|Union and Confederate troops
had frequently skirmished in the vicinity of Honey Springs Depot. The Union
commander in the area, Maj. Gen. James G. Blunt, correctly surmised
that Confederate forces, mostly Native American troops under the command of Brig.
Gen. Douglas H. Cooper, were about to attack his force at Fort
Gibson. He decided to defeat the them at Honey Springs before they were
joined by reinforcements from Fort Smith, Arkansas.
|Blunt crossed the
Arkansas River on July 15, 1863 with a force of 3,000 men, composed of
whites, Native Americans, and African Americans and marched toward Honey
Springs. Blunt skirmished with Rebel troops early on the morning of
the 17th and full-scale fighting began by mid-afternoon. The
Confederates had wet powder, causing misfires, and the problem intensified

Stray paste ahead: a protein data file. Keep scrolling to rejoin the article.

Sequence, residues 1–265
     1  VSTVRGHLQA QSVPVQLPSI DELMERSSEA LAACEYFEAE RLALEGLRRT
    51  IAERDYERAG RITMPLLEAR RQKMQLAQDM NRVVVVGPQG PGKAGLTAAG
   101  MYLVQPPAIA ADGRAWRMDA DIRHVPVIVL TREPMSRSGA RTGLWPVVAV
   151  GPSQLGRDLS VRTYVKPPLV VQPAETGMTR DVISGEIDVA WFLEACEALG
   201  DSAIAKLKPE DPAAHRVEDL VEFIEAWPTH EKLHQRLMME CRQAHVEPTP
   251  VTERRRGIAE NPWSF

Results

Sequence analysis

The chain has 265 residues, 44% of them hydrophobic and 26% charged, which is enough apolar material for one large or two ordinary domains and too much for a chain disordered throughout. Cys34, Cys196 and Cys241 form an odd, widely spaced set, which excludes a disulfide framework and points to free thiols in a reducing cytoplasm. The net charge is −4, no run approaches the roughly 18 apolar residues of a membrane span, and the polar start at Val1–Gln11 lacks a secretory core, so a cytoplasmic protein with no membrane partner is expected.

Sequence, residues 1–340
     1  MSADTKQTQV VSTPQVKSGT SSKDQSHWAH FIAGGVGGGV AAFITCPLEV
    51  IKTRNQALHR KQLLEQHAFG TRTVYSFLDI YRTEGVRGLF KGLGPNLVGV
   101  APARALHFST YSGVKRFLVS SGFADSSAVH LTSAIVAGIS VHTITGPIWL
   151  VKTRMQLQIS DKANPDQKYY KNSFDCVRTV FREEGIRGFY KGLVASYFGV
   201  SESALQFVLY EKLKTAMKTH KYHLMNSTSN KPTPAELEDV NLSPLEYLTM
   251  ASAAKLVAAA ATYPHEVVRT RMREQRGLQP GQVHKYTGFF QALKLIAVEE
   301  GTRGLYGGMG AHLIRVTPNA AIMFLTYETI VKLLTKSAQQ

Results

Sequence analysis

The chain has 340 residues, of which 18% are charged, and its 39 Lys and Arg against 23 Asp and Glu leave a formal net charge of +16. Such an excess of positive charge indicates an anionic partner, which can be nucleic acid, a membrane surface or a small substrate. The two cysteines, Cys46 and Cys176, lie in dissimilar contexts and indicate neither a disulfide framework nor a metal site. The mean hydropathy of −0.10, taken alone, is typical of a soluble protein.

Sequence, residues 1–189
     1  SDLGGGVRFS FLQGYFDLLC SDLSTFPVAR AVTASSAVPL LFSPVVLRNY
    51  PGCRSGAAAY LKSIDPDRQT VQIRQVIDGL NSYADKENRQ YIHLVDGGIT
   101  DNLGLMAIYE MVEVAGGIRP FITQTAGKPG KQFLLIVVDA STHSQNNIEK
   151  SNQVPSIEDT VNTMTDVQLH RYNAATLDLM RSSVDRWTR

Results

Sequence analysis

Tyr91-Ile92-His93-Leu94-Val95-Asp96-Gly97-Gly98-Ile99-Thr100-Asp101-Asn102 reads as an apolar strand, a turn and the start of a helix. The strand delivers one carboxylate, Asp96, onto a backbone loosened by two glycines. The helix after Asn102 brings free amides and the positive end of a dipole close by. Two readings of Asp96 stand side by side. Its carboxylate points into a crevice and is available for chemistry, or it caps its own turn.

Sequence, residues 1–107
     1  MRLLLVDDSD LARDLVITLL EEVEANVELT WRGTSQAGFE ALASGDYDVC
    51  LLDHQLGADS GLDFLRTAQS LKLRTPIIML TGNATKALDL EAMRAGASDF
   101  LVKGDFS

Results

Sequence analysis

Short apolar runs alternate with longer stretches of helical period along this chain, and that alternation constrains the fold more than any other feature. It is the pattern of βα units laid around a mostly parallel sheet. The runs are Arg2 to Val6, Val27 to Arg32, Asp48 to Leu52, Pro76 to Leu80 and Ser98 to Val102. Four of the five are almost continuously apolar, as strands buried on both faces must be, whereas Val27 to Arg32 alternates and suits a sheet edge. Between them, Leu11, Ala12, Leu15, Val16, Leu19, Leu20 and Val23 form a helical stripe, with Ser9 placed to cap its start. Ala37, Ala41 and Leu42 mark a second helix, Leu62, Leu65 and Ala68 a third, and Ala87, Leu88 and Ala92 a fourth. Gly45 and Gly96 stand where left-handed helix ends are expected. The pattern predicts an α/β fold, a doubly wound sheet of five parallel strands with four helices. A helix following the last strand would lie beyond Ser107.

when rain began. After repulsing one attack, Cooper
pulled his forces back to obtain new ammunition. Cooper learned
that Blunt was about to turn his left flank and ordered a retreat.
After this battle, Union forces controlled Indian Territory, north of the
|The Battle of Honey Springs
was one of the earliest engagements in which blacks proved their qualities as
fighting men. General Blunt praised the blacks and said in his
official report on the battle: "The First Kansas (colored) particularly
distinguished itself; they fought like veterans, and preserved their line
unbroken throughout the engagement. Their coolness and bravery I have never
seen surpassed; they were in the hottest of the fight, and opposed to Texas
troops twice their number, whom they completely routed. One Texas regiment
(the 20th Cavalry) that fought against them went into the fight with 300 men
and came out with only sixty."